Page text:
One of the most important characteristics of people with a high sense of self-worth is that they speak their mind and don’t keep their feelings and emotions bottled up inside themselves. Such was the case when Tom Brady’s wife, Super Model Gisele Bundchen blasted Tom’s New England Patriots teammates right after the Super Bowl ended by saying (after being teased by a nearby fan who told her “Eli owns your husband,”) “My husband cannot (expletive) throw the ball and catch the ball at the same time. I can’t believe they dropped the ball so many times.” There were four passes dropped near the end of the game, one of the most important by Wes Welker who apologized to the media after the game that he dropped a pass he should have caught. (Another characteristic of high self esteem: taking responsibility for your actions and not blaming other people.) Tom Brady is lucky to have a wife who speaks her mind and doesn’t withhold her feelings and emotions. They make the best wives. And he’s also lucky to have a teammate like Wes Welker.

Athletes who withhold (bottle-up) their feelings and emotions create psychological baggage for themselves that negatively affects their performance. For example, and I’m using this only as a hypothetical situation, let’s assume that just prior to the New England Patriots-Buffalo Bills game Monday night, September 14th, 2009, the Bills’ Leodis McKelvin had an argument with his girlfriend or a coach or his business agent but didn’t tell anyone about it. He chose to keep everything inside himself. With Buffalo leading 24-19 and just 1:58 remaining in the game, rather than taking a knee in the end zone he chose to return it instead and fumbled the ball around the 30 yard line, his second fumble of the game. New England then scored for what turned out to be the winning touchdown and won the game, 25-24. I’m not saying that McKelvin had issues, since I’m not privy to what goes on behind the scenes or in the Bills’ locker room, but his performance (two fumbles) was an indication that something was not right.leodis_mckelvin_inside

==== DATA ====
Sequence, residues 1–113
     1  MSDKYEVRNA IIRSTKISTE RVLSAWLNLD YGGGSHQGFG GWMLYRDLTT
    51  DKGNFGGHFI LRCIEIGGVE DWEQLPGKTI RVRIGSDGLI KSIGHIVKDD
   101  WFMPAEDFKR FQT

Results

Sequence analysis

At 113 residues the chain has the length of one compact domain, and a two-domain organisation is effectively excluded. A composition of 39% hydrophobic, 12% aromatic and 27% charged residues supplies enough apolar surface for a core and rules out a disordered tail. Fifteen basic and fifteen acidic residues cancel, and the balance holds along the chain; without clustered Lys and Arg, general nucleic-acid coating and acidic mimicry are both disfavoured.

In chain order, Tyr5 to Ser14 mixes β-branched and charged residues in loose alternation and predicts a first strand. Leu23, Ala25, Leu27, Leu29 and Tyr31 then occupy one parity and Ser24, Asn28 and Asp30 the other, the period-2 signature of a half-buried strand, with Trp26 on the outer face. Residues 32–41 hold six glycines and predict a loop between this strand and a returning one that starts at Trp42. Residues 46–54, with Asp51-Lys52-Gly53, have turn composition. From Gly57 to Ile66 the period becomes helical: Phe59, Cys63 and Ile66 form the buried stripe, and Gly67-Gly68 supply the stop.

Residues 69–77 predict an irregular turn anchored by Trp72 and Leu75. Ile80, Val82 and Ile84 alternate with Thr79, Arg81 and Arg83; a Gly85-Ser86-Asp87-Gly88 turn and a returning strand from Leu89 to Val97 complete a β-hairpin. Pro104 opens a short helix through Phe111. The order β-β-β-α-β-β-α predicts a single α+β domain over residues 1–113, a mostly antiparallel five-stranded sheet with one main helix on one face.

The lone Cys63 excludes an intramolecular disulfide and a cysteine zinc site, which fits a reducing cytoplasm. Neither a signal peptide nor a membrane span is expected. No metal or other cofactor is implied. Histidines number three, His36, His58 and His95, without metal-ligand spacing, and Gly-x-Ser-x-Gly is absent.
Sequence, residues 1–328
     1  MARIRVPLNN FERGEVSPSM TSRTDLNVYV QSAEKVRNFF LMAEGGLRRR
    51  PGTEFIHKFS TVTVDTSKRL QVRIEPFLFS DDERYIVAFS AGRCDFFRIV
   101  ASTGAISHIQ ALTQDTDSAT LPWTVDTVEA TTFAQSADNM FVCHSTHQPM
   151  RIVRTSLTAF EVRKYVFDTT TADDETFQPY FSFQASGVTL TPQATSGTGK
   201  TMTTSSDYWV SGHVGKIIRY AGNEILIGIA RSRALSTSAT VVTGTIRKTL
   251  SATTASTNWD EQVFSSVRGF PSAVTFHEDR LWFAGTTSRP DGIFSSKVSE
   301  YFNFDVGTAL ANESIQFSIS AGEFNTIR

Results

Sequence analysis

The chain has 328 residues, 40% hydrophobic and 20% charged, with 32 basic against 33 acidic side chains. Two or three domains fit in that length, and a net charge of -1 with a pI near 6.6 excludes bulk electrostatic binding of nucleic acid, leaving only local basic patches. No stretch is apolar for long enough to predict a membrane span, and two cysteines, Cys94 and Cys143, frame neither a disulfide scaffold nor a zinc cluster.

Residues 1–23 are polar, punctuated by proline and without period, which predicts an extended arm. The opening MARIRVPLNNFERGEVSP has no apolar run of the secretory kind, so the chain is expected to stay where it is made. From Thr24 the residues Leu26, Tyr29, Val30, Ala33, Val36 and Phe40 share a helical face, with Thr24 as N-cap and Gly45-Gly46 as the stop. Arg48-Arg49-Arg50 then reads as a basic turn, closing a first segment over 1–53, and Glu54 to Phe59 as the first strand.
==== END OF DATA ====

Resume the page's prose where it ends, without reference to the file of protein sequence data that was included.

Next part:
When athletes are not focused and are not thinking clearly, they are more prone to making mental errors. In the NFL this often shows up when a quarterback throws multiple interceptions (as Kurt Warner once did when his wife Brenda was having an ongoing argument with the St. Louis Rams’ then head coach Mike Martz), or a wide receiver dropping multiple passes that hit him on the numbers, or a lineman exploding in anger at the opposing player but when you scratch the surface you find that his anger had little or nothing to do with the game. A good example of this was what happened with Albert Haynesworth when he was playing for the Titians. As a result of his on-the-field behavior, he was not only fined but was also required to undergo extensive counseling and afterwards commented: “Honestly, it’s helping. I can actually talk about stuff. My wife likes it, too. I actually open up and talk about problems I have.” Today, Haynesworth is considered one of the top defensive linemen in the NFL.